Do Abrasion- or Temperature-Based Techniques More Effectively Relieve Physical Dormancy in Seeds of Cold Desert Perennials?

Olga A. Kildisheva*, Todd E. Erickson, David J. Merritt, Matthew D. Madsen, Kingsley W. Dixon, Jacqueline Vargas, Remy Amarteifio, Andrea T. Kramer

*Corresponding author for this work

Research output: Contribution to journalArticlepeer-review

8 Scopus citations


Seed dormancy can present a significant barrier to restoration outcomes in dryland systems. Physical and combinational (physical + physiological) dormancy are prevalent among seeds of many herbaceous perennials used in restoration of drylands throughout the western United States. Although many techniques designed to alleviate these dormancy traits exist, their efficacy is species specific, may result in embryo damage, and may have limited large-scale application. To identify the most effective means of dormancy alleviation with the potential to be used on an operational scale, we examined the effects of 16 temperature-based techniques (altering temperature and duration of wet heat, freezing and wet heat, and freeze-thaw cycles) and 6 abrasion-based techniques (altering pneumatic scarification length or using a single duration of manual scarification) on the enhancement of seed permeability among two physically dormant (western prairie clover [Dalea ornata {Douglas} Eaton & Wright] and Munro's globemallow [Sphaeralcea munroana {Douglas} Spach]) and two combinationally dormant species (basalt milkvetch [Astragalus filipes Torr. ex A. Gray] and longspur lupine [Lupinus arbustus {Douglas} ex Lindl.]). We first assessed seed imbibition following exposure to all temperature- and abrasion-based techniques to identify those most successful at promoting seed permeability and then evaluated the effectiveness of those techniques through a series of germination experiments. For combinationally dormant species, we also tested whether exposure to GA3 enhanced germination. Abrasion-based techniques were more effective than temperature-based techniques at improving water uptake across all species. Pneumatic scarification significantly improved germination, but optimal treatment durations were species specific. GA3 did not enhance germination under the tested conditions. We conclude that pneumatic scarification is a fast, safe, and effective method for alleviating physical seed dormancy with a potential to be scaled up for operational use in restoration.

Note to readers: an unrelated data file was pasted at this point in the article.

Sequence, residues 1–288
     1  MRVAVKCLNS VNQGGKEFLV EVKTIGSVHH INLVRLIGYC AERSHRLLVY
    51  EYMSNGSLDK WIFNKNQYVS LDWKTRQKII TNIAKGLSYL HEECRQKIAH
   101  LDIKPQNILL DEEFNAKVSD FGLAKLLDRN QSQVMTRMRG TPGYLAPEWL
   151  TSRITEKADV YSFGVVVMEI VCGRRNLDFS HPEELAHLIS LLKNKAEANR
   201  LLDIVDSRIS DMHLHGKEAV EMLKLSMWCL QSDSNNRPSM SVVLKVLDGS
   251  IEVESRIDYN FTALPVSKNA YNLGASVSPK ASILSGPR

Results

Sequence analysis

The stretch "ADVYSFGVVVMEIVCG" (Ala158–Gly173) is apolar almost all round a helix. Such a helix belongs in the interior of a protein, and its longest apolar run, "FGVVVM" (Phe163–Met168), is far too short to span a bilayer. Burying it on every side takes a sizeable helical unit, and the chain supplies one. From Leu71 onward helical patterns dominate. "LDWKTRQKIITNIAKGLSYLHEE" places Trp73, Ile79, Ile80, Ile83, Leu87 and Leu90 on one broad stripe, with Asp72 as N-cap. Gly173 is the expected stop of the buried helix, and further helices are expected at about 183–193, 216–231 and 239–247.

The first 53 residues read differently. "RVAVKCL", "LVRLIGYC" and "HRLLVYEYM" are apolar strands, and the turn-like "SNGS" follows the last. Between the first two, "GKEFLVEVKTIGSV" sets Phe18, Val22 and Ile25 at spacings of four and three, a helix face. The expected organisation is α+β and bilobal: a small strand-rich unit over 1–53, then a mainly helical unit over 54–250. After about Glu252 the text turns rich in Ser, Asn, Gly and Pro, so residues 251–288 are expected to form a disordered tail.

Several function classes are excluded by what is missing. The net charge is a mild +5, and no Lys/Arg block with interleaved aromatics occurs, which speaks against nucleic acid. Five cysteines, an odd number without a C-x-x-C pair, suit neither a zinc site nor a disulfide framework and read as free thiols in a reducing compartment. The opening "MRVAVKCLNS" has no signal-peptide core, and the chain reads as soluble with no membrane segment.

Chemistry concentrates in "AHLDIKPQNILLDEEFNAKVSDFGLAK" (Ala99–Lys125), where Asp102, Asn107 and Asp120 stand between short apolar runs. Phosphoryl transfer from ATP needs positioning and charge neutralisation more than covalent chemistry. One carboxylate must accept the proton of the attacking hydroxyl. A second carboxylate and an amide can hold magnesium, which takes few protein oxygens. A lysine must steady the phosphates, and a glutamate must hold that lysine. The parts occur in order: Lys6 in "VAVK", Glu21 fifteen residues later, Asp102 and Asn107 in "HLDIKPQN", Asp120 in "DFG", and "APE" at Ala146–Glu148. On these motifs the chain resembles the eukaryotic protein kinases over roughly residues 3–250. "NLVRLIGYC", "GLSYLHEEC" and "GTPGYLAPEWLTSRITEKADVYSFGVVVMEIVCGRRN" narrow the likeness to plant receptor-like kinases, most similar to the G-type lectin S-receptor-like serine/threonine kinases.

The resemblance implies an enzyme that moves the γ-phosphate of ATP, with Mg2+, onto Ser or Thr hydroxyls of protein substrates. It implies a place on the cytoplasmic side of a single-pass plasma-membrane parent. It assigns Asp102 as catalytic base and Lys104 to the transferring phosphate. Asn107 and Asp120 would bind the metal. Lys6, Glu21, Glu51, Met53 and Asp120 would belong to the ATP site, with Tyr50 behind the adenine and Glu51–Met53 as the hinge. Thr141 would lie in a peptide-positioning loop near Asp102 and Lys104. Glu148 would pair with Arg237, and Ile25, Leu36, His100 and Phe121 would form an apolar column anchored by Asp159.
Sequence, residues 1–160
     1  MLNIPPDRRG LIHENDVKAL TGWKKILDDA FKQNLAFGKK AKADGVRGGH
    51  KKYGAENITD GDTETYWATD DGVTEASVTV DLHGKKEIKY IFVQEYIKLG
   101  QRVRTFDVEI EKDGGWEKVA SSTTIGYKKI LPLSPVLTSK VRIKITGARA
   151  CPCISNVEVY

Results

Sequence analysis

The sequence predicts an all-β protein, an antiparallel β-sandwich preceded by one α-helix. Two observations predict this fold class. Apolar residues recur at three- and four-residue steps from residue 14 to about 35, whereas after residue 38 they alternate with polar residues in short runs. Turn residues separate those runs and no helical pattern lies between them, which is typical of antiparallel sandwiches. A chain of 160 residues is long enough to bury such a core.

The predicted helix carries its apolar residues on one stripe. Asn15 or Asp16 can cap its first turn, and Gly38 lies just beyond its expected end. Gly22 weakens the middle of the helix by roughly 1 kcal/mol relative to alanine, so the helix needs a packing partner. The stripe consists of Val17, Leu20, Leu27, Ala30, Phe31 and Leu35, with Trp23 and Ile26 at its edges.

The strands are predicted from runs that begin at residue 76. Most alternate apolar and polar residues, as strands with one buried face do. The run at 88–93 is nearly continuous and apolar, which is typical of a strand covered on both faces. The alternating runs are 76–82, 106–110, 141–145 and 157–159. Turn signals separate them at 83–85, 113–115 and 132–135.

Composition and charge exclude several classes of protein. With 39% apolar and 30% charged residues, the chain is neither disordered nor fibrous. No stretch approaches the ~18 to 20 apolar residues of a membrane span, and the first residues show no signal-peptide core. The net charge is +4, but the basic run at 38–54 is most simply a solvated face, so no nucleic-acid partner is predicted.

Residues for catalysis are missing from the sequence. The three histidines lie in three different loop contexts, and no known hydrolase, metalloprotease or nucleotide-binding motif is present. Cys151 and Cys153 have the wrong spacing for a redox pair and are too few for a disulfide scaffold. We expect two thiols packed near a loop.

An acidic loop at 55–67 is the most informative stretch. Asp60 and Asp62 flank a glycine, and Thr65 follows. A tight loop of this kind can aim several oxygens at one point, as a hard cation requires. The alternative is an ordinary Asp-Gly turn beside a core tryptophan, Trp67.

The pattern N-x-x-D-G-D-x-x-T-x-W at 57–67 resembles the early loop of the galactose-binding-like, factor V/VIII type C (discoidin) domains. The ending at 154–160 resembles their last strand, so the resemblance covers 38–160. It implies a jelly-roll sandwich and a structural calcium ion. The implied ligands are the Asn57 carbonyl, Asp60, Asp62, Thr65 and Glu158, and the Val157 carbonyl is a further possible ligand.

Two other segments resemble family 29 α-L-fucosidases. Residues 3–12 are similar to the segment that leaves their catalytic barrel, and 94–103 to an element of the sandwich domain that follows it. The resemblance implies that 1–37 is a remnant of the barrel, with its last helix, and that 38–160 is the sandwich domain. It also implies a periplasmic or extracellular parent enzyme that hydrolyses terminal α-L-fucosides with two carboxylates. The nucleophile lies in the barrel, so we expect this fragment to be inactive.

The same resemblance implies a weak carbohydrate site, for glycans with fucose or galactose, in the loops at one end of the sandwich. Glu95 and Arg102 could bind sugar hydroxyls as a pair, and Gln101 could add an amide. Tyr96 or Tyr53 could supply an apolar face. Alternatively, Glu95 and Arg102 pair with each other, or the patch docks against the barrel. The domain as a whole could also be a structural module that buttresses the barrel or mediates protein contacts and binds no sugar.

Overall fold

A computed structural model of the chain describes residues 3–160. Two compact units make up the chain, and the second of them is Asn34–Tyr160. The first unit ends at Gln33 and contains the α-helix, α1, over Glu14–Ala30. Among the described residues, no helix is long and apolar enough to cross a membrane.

Original languageEnglish (US)
Pages (from-to)318-322
Number of pages5
JournalRangeland Ecology and Management
Issue number3
StatePublished - May 2018


  • GA
  • Great Basin
  • freeze-thaw
  • pneumatic scarification
  • sagebrush-steppe
  • wet heat

ASJC Scopus subject areas

  • Ecology
  • Animal Science and Zoology
  • Nature and Landscape Conservation
  • Management, Monitoring, Policy and Law


Dive into the research topics of 'Do Abrasion- or Temperature-Based Techniques More Effectively Relieve Physical Dormancy in Seeds of Cold Desert Perennials?'. Together they form a unique fingerprint.

Cite this